Frayn’s Psychological Novel in Persian
‘Spies,’ a novel written in 2002 by English author and dramatist Michael Frayn, 83, is now available in Persian.
The Persian translation of the psychological novel by Kayhan Bahmani, 45, has been released by Chatrang Publication, a publishing house in Tehran focusing on literature and cinema, Khabaronline reported.
The Persian edition comes in 245 pages. The book is about an elderly man, Stephen Wheatley, who talks about what he saw in the World War II as he wanders around modern London.
During the WW II, Stephen and his friend Keith live in a suburban cul-de-sac on the edge of the countryside. They entertain themselves with war games and fantasies about the secret lives of family and neighbors.
One day, deciding that Keith’s laconic, glamorous mother is in fact a German spy, they begin to observe and follow her.
There’s something clearly wrong about her. Stephen’s detection of a code in her innocent telephone exchanges with the local butcher is comic; but it is not long before there are indeed signs of wrongness. Why does she go shopping at odd times? Where does she go on her walks up through the nasty tunnel under the railway? What is she leaving in a tin hidden in the undergrowth next to the tracks?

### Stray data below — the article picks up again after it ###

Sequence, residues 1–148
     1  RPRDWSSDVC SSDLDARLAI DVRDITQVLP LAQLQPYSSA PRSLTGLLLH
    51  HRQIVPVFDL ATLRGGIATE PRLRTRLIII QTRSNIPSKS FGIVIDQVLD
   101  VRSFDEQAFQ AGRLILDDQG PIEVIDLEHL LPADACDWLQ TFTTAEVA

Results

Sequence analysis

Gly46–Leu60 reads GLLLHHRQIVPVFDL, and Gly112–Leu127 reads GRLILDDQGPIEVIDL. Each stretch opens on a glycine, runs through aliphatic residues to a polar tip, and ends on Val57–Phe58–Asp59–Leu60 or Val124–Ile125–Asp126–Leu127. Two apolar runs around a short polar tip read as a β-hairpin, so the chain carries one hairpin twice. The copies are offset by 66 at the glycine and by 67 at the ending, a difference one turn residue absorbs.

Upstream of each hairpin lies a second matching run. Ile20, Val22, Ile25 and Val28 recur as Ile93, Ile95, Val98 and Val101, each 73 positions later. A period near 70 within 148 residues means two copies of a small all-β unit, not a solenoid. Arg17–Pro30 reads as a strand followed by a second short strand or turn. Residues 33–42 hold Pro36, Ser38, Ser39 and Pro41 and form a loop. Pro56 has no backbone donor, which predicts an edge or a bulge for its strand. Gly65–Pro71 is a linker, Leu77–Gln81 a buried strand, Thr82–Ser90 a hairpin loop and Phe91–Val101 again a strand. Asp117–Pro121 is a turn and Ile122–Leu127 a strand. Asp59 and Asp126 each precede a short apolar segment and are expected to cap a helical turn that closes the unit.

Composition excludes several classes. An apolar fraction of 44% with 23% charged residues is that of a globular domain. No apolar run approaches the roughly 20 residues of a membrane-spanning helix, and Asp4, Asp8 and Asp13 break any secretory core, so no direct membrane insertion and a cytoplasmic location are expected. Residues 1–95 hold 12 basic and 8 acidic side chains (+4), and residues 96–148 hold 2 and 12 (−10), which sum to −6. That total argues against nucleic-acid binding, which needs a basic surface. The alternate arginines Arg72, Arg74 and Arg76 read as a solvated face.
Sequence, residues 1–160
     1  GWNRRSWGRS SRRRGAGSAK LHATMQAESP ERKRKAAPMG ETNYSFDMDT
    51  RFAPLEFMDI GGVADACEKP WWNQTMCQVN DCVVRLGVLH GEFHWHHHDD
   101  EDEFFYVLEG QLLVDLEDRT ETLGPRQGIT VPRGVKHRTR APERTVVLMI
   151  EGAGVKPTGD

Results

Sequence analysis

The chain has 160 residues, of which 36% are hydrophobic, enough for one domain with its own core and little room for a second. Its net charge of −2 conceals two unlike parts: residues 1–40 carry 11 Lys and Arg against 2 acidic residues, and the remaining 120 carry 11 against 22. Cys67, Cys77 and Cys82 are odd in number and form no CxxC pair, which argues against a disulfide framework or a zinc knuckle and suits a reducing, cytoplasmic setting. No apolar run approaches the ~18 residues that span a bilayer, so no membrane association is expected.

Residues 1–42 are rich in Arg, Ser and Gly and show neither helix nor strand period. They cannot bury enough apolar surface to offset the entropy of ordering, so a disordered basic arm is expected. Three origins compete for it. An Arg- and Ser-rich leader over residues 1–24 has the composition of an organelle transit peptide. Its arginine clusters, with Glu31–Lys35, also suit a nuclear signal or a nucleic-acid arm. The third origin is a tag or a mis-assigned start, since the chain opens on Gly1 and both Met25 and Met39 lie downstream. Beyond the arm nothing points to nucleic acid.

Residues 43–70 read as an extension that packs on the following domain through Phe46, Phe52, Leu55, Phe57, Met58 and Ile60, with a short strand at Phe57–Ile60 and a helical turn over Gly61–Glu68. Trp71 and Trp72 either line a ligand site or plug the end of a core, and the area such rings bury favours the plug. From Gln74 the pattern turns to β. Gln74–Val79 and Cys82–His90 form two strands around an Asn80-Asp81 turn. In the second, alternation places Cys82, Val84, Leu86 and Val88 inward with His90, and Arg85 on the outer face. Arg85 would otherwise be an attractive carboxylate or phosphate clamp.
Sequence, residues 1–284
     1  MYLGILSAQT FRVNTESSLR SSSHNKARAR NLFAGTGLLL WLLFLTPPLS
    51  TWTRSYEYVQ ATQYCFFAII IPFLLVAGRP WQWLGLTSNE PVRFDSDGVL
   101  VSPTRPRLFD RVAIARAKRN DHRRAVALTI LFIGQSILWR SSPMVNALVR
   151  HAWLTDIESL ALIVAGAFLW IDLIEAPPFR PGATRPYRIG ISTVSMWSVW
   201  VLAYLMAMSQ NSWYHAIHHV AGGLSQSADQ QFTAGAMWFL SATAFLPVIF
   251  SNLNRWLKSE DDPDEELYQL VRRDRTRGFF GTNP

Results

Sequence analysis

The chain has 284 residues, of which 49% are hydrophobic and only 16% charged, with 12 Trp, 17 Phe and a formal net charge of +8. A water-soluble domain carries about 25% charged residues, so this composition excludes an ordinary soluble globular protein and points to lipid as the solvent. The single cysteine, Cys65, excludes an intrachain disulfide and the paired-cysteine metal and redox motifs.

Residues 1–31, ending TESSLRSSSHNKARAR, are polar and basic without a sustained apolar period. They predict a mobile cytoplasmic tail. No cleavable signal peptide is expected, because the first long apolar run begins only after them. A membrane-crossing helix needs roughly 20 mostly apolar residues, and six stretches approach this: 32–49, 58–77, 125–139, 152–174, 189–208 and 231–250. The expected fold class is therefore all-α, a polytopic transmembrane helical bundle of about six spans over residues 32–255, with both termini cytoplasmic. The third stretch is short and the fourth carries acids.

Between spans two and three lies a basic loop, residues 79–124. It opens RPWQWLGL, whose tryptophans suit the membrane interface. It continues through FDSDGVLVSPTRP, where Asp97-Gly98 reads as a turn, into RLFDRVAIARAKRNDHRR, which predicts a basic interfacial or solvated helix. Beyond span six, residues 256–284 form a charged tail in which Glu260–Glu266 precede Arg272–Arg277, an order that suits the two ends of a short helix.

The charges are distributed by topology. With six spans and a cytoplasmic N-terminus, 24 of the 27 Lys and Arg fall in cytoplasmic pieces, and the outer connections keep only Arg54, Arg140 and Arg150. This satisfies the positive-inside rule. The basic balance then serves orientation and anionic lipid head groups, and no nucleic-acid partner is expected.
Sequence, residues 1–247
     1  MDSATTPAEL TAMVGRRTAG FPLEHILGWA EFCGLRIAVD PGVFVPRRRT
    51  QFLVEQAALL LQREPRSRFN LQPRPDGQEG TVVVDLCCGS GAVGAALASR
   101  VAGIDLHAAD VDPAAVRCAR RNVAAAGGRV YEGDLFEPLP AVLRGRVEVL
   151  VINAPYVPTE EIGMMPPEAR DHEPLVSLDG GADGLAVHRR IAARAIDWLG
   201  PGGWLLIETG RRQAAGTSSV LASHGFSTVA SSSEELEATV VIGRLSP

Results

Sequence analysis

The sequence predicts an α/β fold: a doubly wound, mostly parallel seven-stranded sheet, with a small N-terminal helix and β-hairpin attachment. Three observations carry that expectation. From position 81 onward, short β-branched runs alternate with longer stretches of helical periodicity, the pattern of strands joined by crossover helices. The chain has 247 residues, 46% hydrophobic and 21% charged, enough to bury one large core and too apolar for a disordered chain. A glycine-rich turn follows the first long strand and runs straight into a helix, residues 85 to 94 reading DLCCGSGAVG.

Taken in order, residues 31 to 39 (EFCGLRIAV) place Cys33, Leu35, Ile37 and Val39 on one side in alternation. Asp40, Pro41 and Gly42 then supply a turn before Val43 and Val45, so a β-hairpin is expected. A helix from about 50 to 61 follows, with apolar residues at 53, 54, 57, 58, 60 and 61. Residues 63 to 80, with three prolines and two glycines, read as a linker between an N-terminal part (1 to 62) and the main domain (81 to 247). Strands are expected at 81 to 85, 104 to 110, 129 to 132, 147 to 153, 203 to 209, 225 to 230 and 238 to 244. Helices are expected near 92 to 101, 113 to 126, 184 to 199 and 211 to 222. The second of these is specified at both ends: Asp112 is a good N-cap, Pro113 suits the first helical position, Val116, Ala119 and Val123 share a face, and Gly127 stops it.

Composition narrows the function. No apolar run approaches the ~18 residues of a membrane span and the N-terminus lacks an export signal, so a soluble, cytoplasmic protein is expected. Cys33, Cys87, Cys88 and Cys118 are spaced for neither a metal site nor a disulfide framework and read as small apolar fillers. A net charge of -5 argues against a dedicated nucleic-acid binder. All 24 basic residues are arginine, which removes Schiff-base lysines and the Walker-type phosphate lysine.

Stephen reads the diary of Keith’s mother Mrs. Hayward. Some days are marked with a mysterious x and some with an exclamation mark. He thinks that the latter indicates successful sabotage operations.
Then Stephen finds out that Barbara Berrill, a girl from a neighboring house, has in turn been spying on him, and is offered by her the predictable explanation of adult behavior.
For a sophisticated reader, or for any re-reader of the novel, one of the pleasures of plot-detection is seeing that the explanation of Hayward’s behavior might be different from the most obvious one, says the Guardian’s review on the novel.